Wegener uses paulownia wood because “its density makes the boards waterproof.”
Paipo boards are small wooden surf craft made to be ridden prone. Alaia boards are paipos’ bigger brothers and can be surfed while standing. While known in Encinitas for building and riding both traditional-style paipos and alaias, Jon Wegener was not the first to do so. That name pre-dates Captain Cook’s visit to the Hawaiian Islands in 1778. While those boards were originally made of ulu, koa, or wiliwili wood, Wegener shapes his from paulownia wood because “its density makes them waterproof.”
Wegener’s love of wooden surf craft began after his older brother, Tom, moved to Australia more than a decade ago. While riding Alaias is beyond the ability of the average surfer, Jon and Tom’s skills are far above average. Encinitas 20-something rippers Ryan Burch and Eric Snortum jumped on those primitive vehicles.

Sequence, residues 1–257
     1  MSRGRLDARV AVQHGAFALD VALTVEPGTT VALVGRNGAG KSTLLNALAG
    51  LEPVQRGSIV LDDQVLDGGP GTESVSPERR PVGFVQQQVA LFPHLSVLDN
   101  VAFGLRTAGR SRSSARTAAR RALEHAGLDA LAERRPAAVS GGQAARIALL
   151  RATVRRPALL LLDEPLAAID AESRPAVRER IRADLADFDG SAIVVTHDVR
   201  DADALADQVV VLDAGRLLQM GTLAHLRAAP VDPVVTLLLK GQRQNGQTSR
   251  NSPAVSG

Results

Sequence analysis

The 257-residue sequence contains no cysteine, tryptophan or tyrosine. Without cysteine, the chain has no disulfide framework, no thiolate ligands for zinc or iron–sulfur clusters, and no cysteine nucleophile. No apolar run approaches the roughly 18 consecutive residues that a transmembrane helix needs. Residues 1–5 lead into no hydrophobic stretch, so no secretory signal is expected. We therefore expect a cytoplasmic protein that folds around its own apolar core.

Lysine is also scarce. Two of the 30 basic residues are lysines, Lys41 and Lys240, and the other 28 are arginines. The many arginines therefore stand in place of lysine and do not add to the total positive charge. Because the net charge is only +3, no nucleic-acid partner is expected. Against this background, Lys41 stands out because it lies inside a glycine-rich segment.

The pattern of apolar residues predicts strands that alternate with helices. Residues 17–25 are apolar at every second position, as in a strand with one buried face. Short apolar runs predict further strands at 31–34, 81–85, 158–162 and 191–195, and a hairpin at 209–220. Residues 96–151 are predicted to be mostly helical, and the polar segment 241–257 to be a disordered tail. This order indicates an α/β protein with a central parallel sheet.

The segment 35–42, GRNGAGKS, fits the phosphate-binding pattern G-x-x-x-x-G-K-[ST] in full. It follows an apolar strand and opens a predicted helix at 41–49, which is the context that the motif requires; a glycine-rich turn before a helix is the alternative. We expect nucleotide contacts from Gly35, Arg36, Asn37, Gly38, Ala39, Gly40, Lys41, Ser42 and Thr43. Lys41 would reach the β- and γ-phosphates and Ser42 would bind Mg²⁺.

Burch and Snortum on alaia
Local 20-year-olds try the small wood boards
Realizing my limited abilities were no match for an Alaia, Jon offered to loan me a Paipo. To my untrained eye it looked like little more than a plumped out Popsicle stick, but it fit easily into the trunk of my car.
Later that week, while driving past Torrey Pines Beach, I decided to take the Paipo, still in my trunk, for a spin. That four-foot long, 18-inch wide, three-quarter- inch thick sliver of wood turned an uninspiring shore break into an hour of speedy joy.